Excerpts from Jim Conrad's
from the March 22, 2015 Newsletter issued from Río Lagartos, on the north-central coast of Yucatán, MÉXICO
During the night's early hours along Río Lagartos's Malecón -- the broad, estuary-side avenue on the town's western, northern and eastern shores -- usually atop the knee-high, stone storm-wall you find local folks with flashlights and long-handled dip-nets seining the waters at the wall's base. After being dragged through the water a few feet normally when the net is pulled up it contains a few shrimp jumping around trying to escape. The shrimp are dumped into a plastic bucket on the sidewalk. Half an hour of seining might catch enough for a family to eat all the shrimp they want for a day or two. Here a kind of shrimp soup is popular, and a dish called ceviche.
One night my friends Rayo and Jorge also got a flashlight and long-handled dip-net, and went seining from atop the Malecón's storm wall. They seined for just a few minutes, though, for all they wanted were a few shrimp for the aquarium they were setting up. At the top of this page you can see one of the pale, well camouflaged shrimp they caught, whose body was about 1¾ inches long (45mm), exploring the aquarium's sandy floor.
Such shrimp usually are referred to as camarónes rosados, or pink shrimp, even though ours from along the Malecón's storm wall weren't very pink. Three pink shrimp species are listed for Ría Lagartos Biosphere Reserve, so which was this? It was harder to figure that out than I'd expected, one main reason being that our red shrimp were juveniles. It's a feature of red shrimp natural history that immature ones gather in estuaries such as ours, where they feed relatively safely among seagrass stems and leaves in shallow water. As pink shrimp grow, they look for more and more saline areas, eventually leaving their nursery-estuaries and returning to begin lives in the sea.
Of the three red shrimp species occurring in Ría Lagartos Estuary, Penaeus notialis is mainly found on the Yucatán's eastern, Caribbean Coast, so we're a little beyond their main distribution area, and that species is less common here. Another species, Penaeus brasiliensis, is common in the area, but tends to be much redder than our aquarium individual. The third species, PENAEUS DUORARUM, seems to be what we have, a species whose center of distribution is the Gulf of Mexico, though it's found from Maryland on the eastern US coast south to the Yucatan Peninsula. Sometimes all three of these species are placed in the genus Farfantepenaeus, but that's controversial, and often the name is presented as Penaeus (Farfantepenaeus) duorarum. Sometimes the species is called the Northern Pink Shrimp.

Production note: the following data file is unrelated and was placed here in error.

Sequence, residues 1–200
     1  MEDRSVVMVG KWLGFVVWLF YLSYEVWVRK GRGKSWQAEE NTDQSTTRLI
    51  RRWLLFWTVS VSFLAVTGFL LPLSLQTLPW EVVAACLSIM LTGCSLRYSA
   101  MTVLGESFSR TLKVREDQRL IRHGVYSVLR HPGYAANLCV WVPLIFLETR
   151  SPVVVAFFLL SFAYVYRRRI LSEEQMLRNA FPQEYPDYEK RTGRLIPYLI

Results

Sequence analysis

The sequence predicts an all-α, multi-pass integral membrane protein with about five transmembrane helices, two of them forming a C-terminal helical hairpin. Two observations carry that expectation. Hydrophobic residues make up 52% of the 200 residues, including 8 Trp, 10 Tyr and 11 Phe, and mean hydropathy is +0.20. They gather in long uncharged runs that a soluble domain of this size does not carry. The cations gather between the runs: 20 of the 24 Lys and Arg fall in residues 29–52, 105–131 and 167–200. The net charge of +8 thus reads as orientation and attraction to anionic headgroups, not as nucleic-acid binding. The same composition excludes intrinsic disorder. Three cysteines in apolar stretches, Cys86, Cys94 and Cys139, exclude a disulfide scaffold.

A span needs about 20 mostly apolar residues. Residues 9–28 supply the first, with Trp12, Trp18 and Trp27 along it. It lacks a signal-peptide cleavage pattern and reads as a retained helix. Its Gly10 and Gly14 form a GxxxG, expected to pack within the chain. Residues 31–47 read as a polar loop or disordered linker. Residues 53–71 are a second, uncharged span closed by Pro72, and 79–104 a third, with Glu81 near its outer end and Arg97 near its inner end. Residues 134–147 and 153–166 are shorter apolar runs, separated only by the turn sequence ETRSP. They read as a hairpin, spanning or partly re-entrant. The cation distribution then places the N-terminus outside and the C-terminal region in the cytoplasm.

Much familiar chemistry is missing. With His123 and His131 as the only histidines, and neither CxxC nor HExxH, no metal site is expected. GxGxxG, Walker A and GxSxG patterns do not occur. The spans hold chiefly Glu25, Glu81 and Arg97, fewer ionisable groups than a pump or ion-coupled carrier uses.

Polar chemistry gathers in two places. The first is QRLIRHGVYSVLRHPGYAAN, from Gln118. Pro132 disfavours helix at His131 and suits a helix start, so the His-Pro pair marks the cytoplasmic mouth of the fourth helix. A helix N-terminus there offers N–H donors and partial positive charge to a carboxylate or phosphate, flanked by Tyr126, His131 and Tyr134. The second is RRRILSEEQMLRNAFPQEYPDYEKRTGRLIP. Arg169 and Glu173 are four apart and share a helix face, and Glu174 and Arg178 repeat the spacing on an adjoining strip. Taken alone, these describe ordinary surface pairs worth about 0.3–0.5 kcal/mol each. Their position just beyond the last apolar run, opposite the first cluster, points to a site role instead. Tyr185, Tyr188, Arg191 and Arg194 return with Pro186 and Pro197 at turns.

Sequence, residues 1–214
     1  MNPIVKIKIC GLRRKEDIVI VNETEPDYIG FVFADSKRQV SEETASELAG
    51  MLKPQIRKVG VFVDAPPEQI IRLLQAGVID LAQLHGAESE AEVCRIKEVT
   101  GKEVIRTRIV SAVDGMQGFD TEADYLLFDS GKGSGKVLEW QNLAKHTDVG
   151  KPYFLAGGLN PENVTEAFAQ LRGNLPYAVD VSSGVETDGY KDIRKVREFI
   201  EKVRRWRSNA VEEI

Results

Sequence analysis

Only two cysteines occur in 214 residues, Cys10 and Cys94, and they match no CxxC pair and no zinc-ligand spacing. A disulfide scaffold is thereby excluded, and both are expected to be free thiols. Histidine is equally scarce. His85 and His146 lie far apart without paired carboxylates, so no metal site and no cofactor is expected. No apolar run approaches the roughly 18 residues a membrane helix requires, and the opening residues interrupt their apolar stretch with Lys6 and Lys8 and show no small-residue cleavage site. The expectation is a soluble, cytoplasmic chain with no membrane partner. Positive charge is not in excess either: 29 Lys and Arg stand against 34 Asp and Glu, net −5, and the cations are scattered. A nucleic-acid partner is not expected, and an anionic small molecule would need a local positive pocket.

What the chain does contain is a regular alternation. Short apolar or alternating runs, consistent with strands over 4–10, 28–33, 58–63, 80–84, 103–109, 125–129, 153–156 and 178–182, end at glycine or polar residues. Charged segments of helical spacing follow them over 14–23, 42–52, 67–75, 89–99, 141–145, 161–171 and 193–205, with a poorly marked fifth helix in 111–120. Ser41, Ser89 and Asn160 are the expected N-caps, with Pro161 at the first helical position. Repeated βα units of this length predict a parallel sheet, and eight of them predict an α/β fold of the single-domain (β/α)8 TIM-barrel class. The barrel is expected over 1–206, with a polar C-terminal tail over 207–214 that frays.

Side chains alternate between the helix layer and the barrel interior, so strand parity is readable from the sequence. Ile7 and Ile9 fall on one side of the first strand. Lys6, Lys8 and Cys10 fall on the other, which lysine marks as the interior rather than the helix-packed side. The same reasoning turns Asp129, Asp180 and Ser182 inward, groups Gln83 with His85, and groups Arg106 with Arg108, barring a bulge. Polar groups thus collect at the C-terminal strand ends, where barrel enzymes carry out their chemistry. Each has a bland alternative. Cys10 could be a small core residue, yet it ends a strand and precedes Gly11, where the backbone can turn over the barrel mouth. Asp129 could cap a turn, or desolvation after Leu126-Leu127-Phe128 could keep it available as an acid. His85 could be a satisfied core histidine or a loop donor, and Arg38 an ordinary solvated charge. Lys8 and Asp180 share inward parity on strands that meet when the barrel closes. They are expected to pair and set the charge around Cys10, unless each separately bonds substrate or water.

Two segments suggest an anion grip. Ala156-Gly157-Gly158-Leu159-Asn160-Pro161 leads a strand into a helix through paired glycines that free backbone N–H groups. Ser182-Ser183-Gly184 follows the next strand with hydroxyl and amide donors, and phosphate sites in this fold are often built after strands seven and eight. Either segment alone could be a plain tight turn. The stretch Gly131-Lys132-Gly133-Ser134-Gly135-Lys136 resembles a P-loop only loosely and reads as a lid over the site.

Females of Northern Pink Shrimp can reach 11 inches long (28cm) in length, so our 1¾-inch one (4.5cm) is small. The preferred habitat of adults who have left their nursery estuaries is between ±35-120 feet deep (11-36m), where they live on firm mud and silt with sand and shells.
Though local fishermen assure me that the estuary is full of pink shrimp, on flamingo-viewing trips you seldom see them, for they stay well hidden in seagrass on the estuary's floor. However, this week I did find one along shore in water hardly a finger-width's deep, in a tangle of Widgeongrass at very low tide. The shrimp was so lethargic and its eyes were so clouded that it seemed to be almost dead for some reason, but I still took its picture, shown below:
The pale bands of pink stipples around its abdomen are typical of the species. I read that when Northern Pink Shrimp are cooked, their shells turn a deeper shade of pink than other species, and their meat turns from translucent to pink. A close-up of this individual's head appears below:
The serrated crest atop the head extending beyond the eyes is known as the "rostrum" and is typical of pink shrimp species. As individuals grow, the rostrum becomes more impressive. Trying for a picture of the creature's bulbous eyes I got what's shown below:
When that picture came onto the computer screen I was amazed because it's clear that the top of the head is split open, with the head cavity being empty. Yet, in my hand the shrimp definitely had moved around, albeit slowly. Then it dawned on me that surely our shrimp was molting -- in the process of abandoning its old exterior skeleton, or "exoskeleton," so could grow into a new exoskeleton that would harden around it. Our shrimp was in the process of withdrawing his head from the front part of the old exoskeleton and probably was about to buckle inside the old covering, rip through the exoskeleton back, and begin a new stage of life as a somewhat larger shrimp.
But, back to the bulging eyes. The reason for their bulging had become apparent the moment we first dropped the Malecón storm-wall ones into the aquarium. Landing on the aquarium's floor, they immediately began furiously thrashing their legs, stirring up currents of swirling sand, and causing their bodies to sink into the cavities below them formed by the whipped-up sand. Within seconds their entire bodies had sunk into the sand, leaving only their bulging eyes poking above the sand's surface. Shrimp eyes bulge so the shrimp can see what's happening around them when their bodies are buried in sand.
According to the United Nation's FAO agency, in 1977 the total world catch of Penaeus duorarum reached a peak with 23,237 tons. Since then the catch has gone into a general decline, presumably because of overfishing and habitat destruction (especially of mangrove-bordered estuaries such as Ría Lagartos). In 2012 the catch was only 4522 tons. The FAO page with this and other information, as well as a distribution map, is at http://www.fao.org/fishery/species/3402/en.